article added
Proceed to checkout



When a selection from the series was chosen as a finalist for the Leica Oskar Barnack Award four years ago, the idea of one day publishing the material in a book was little more than a dream. Now it is here: Deceitful Reverence, in a small edition published by Blow Up Press in Warsaw. The photo book also represents closure for a very personal chapter of the photographer's life, where he aimed to document and subdue his addiction to alcohol – which he has now achieved. Thanks to the exceptionally free artwork, this very intimate approach has given rise to an unusual, but very convincing, photo book.

Despite the extremely pixelated image, it is possible to detect the drooping figure of a naked person on the matt-black cover. This picture sets the tone for the book, because it is representative of the photographer's ruthless examination of himself. He has worked for many years on this series, which, despite its radical moods and emotional, excessive demands, also presents moments of great calm. The viewer will quickly get the impression of riding on an emotional roller coaster, because the motifs are defined by a dark, at times virtually claustrophobic, intensity. Unsharp images of bodies, mostly of the photographer himself, are interspersed with puzzling nature studies and sketch sequences. At first it is the sense of forsakenness, of loneliness, of loss of control that seems to dominate, but then, in the course of the book's dramaturgy, a female figure appears. Motifs of redemption and unification appear as salvation – a double portrait closes the wild series of pictures.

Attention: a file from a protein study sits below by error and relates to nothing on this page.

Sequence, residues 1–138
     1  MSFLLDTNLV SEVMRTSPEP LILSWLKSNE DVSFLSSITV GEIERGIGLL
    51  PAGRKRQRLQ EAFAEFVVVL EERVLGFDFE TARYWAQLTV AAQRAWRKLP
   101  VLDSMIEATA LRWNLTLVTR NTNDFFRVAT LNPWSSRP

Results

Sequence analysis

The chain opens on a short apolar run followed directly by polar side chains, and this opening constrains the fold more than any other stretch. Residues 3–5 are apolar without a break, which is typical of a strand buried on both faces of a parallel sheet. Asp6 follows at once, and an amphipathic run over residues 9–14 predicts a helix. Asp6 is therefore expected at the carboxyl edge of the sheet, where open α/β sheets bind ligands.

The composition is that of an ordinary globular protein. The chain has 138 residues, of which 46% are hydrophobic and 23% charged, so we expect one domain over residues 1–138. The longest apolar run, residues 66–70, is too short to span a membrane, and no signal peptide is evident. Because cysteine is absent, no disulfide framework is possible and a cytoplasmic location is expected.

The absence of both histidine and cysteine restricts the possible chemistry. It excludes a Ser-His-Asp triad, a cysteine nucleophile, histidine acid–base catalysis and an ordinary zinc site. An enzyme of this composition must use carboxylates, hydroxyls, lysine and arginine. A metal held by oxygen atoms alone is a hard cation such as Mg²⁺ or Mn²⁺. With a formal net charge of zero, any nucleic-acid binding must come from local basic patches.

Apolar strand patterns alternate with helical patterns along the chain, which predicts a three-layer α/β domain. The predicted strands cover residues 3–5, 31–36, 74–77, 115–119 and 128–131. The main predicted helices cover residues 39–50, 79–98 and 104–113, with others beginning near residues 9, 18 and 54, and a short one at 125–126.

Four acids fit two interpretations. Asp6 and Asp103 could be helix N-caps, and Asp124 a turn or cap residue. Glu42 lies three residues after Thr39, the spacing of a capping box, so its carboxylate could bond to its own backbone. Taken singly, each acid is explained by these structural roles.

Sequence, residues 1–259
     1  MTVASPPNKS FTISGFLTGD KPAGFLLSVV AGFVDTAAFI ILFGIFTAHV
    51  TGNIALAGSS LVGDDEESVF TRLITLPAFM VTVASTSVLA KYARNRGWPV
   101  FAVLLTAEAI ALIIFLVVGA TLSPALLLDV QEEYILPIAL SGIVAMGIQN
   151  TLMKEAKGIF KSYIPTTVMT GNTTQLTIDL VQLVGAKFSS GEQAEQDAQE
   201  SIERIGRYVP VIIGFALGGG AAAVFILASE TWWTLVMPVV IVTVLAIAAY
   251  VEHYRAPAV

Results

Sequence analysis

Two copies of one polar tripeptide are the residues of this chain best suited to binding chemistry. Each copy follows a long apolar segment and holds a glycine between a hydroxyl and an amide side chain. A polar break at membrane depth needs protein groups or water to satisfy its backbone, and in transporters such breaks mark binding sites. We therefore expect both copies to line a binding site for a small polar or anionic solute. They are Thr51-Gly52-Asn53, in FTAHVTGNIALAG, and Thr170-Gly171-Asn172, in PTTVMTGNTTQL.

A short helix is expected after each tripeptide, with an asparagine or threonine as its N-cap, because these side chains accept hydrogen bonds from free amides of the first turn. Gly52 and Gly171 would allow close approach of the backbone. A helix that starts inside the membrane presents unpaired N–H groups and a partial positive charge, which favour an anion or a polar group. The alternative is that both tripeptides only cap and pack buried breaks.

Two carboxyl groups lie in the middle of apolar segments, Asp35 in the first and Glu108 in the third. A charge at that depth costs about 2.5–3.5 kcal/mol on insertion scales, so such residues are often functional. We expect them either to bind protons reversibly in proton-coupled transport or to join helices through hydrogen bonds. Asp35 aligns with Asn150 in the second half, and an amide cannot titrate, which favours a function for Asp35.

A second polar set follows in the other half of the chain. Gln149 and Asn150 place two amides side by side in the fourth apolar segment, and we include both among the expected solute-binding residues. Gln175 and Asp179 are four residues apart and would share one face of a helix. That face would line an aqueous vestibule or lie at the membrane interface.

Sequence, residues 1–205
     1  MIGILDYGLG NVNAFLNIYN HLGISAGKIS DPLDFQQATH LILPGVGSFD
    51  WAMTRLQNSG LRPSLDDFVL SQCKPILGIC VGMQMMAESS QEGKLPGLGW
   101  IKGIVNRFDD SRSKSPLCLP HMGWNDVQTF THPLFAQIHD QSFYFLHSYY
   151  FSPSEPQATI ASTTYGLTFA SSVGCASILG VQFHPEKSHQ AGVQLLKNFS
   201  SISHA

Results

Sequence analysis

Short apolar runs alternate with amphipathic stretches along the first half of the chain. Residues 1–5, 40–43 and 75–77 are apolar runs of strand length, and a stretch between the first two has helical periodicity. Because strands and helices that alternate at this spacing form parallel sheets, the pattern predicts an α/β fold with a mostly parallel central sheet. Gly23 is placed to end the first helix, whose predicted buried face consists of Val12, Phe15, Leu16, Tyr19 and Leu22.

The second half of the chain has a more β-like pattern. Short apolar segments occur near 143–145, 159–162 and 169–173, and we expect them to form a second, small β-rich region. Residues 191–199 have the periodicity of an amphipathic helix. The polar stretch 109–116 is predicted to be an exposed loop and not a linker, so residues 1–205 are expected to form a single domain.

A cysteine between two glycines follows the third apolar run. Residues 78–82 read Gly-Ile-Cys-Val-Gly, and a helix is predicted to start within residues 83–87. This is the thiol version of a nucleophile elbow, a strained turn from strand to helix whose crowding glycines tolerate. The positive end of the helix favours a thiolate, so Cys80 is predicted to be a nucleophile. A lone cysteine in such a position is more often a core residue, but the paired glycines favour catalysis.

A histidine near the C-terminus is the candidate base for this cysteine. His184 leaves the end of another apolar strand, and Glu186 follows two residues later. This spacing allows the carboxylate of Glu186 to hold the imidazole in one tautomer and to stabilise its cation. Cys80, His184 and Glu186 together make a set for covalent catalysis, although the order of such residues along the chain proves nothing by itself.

Pisuk has produced a sequence of raw, breathless images based on his own experiences, drawing the viewer with each turn of a page ever deeper into the landscape of his soul. “The man who keeps getting lost, loses ground under his feet, falls, but step by step regains the sense of space, first reaches himself, then manages to get outside – into the human world,” as a quote from the accompanying text by Agata Pyzik explains. From Pisuk's perspective, “this cycle is a kind of poem, diary, but also a confession.”

Yet it is not just the pictures that transform the book into a real experience; the compelling design at the hands of Aneta Kowalczyk plays a very large role. The different types of paper, the insertion of colour prints, the borderless pages, give the book a surprising tempo and foster the restlessness of the seemingly subjective motifs produced by an apparently spontaneous, directionless photography. In this photo book they have found a suitable, coherent form. The images the photographer imposes may be very personal and suggestive, yet they do leave room for one's own associations. Consequently, in the end, the viewer is not looking back at the results of a visual therapy, but rather at the strong, self-confident statement of an extraordinary artist.

(Ulrich Rüter)

Igor Pisuk
Deceitful Reverence
152 pages, 102 black and white and colour pictures. English, 22.4 x 30 cm, Blow Up Press
Available here

Igor Pisuk

Born in Bielsko-Biala, Poland on October 14, 1984, Pisuk completed his studies at the Film College in Lodz in 2014, with a Masters in Photography. He worked as an assistant for Anders Petersen and is a member of the Atonal Collective, which concentrates particularly on personal, documentary photography. Pisuk lives in Warsaw.  

Share this page:
via mail Mail
on facebook